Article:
I love my children to the core of my soul. And you know what else I love?
Funny, eh? Because we all know those two things cannot exist simultaneously unless someone is either sleeping or drugged.
“Mom, can you help me?”
“Mom, look at this.”
“Mom, I can’t reach the crackers!”
“Mom, guess what Sam told me at school yesterday.”
“Mom, I need orange juice.”
“Mom, can I sit on your lap?”
“Mom, Mom, Mom, Mom, Mom, Mom, Mom!!”
Aaaack!!!!! Can everybody leave me alone for one tiny precious minute, for the love of all things holy, I’m begging you, PLEEEEASE!!!
* * * Incidentally, I happen to be writing this post on a Saturday, hiding behind the door of my home office while the kiddos are watching a movie and eating bowls of ice cream. Coincidence? Of course not. Who do you think served up the double scoops? * * *
So here’s what I want to tell you. Whenever I get buzzed to the edge of my nerves from all the “Mom, Mom, Mom, Mom, Mom, Mom, Mom” demands, I remind myself three very important things. I think these can help you, too.
1. It’s okay to feel this way.
Getting frustrated with parenting doesn’t mean you love your kids any less. It doesn’t mean you’re a weak parent or missing some magic maternal nurturing gene. For crying out loud, we’re human. My brain is not wired for constant input, is yours? So the last thing we need in those moments of burnout is to add guilt to the emotional pile. Give yourself permission to be real.
“There is now no condemnation for those who are in Christ Jesus” (Romans 8:1).
2. It’s not the kids’ fault.
They love you. They need you. They don’t care if their own legs can transport them to the cupboard to get the bag of pretzel goldfish all by their lonesome because YOU are the center of their world and it’s natural to lean on Mom. Yes yes yes we need to train them to do things for themselves, but that’s a different conversation. What we’re talking about here is our emotional capacity for being smothered. In the moment, do you snap at your kiddos as if it’s all their fault that Mom is losing her flapping mind? Then consider this. Your child didn’t ask to be your kid. That was kind of your doing. Or, more accurately, God’s. Do you really want to go down that road?
“Your hands made me and formed me; give me understanding to learn your commands” (Psalm 119:73).
No one is to blame for your frustration. So beware the temptation to view your children as the enemy. They’re on your team.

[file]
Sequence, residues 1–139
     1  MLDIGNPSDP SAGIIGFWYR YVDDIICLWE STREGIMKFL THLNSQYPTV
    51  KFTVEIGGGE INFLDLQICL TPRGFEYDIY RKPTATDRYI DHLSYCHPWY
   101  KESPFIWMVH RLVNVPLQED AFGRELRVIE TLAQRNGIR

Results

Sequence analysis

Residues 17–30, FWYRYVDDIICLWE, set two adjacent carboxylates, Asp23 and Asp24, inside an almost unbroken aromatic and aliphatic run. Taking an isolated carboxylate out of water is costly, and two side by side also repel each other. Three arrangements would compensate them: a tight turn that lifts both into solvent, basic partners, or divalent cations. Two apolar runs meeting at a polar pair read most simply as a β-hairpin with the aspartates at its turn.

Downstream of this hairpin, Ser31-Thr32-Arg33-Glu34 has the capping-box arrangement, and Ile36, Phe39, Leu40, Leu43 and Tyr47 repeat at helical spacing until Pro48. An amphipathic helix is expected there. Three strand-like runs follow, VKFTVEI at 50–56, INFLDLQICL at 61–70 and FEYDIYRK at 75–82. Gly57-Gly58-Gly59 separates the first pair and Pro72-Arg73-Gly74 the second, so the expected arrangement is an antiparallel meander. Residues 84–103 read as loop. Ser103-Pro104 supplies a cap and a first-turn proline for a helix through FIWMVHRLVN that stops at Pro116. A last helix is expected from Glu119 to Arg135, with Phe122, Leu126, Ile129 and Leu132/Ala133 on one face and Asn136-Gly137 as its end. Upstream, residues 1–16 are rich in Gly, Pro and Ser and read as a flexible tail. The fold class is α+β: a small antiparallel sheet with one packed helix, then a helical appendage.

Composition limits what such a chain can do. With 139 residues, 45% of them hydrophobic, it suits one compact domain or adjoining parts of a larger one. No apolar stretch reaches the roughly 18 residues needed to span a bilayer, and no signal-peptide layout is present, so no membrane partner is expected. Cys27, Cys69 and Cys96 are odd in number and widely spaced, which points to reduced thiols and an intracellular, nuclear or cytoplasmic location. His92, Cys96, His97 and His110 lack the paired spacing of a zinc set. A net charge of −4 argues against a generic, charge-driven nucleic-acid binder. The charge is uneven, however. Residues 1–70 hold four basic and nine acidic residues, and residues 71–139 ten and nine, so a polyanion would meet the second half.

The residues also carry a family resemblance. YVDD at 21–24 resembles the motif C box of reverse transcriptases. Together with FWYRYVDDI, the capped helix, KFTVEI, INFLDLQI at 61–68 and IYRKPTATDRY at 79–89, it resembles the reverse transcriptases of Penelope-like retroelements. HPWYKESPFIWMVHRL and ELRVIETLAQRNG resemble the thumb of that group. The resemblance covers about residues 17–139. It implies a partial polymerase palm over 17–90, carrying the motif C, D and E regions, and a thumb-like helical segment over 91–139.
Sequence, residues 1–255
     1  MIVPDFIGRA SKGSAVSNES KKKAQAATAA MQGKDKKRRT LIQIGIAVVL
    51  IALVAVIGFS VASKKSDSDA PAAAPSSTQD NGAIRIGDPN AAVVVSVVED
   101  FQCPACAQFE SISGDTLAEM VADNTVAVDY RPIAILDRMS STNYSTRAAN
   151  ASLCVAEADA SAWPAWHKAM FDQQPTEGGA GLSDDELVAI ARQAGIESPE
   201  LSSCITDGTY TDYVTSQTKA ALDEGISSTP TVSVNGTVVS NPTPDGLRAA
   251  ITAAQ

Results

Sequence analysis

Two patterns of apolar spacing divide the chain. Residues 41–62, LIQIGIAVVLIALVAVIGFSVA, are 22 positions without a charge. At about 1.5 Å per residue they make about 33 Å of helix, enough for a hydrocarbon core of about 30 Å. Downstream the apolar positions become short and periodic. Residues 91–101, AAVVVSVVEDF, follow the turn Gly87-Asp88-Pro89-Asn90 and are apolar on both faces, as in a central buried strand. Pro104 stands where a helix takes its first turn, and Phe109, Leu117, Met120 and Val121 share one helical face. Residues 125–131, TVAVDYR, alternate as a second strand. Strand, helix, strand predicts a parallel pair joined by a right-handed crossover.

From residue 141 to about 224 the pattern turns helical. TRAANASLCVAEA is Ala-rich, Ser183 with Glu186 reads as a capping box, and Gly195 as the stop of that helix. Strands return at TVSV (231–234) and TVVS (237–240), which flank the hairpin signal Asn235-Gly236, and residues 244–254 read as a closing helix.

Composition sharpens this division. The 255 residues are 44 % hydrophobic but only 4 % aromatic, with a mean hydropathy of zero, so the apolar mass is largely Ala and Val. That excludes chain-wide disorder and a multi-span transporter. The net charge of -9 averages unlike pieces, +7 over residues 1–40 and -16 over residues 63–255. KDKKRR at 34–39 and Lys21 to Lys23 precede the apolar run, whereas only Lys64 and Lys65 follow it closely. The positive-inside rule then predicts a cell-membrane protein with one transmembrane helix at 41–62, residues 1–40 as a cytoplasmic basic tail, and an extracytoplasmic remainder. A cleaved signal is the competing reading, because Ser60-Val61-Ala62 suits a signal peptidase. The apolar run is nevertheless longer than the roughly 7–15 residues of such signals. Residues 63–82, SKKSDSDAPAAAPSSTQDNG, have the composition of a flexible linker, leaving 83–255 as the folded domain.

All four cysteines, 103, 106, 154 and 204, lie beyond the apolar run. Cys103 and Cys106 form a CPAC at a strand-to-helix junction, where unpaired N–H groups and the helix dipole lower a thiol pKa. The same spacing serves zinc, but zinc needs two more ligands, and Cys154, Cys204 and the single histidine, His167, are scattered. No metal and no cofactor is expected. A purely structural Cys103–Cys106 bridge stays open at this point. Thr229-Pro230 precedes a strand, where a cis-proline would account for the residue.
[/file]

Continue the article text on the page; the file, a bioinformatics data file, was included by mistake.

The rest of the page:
3. This noise is a gift.
I know. In the heat of a mommy meltdown, the last thing we feel like doing is counting our blessings. But I’ve got to tell you—I’ve walked alongside some dear friends recently who have lost their children too young. These beautiful women would do anything hear their kids say “Mom” one more time. Or to ask them for a glass of water or a Snickers bar in the checkout aisle.
Why do I deserve to have my babies here with me, watching Wee Sing videos in the living room, begging for buttered noodles while they scatter paper crafts across the floor, when other God-fearing women are grieving in too-quiet houses still filled with the presence of a precious child lost?
I don’t. No one does. Not a single one of us deserves the blessings we have and too often take for granted. They’re a gift from God. He gives them freely and, I hate to say it but it’s true, he can freely take them away. So when I get all crabby pants and stuck on my own entitlement to silence and freedom, just for a split second—I don’t dwell there—I remind myself that I might get what I ask for. Heaven forbid.
“Children are a heritage from the LORD, offspring a reward from him” (Psalm 127:3).
So then. If you’re having the kind of day I’m having, filled with “Mom, Mom, Mom, Mom, Mom, Mom, Mom” and wishing you could fly away just for a few minutes or hours (or days?), by all means, lock yourself in a room if you can while the kids eat ridiculous servings of whatever keeps their mouths occupied. But please—please—remember this:
It’s okay to have limits.
It’s nobody’s fault.
And even the crazy, I’ve-had-it-up-to-here moments are ordained by God.
He is so good to us. And he loves us just the way we are—frazzled, imperfect, and tired.
Praise the Lord.
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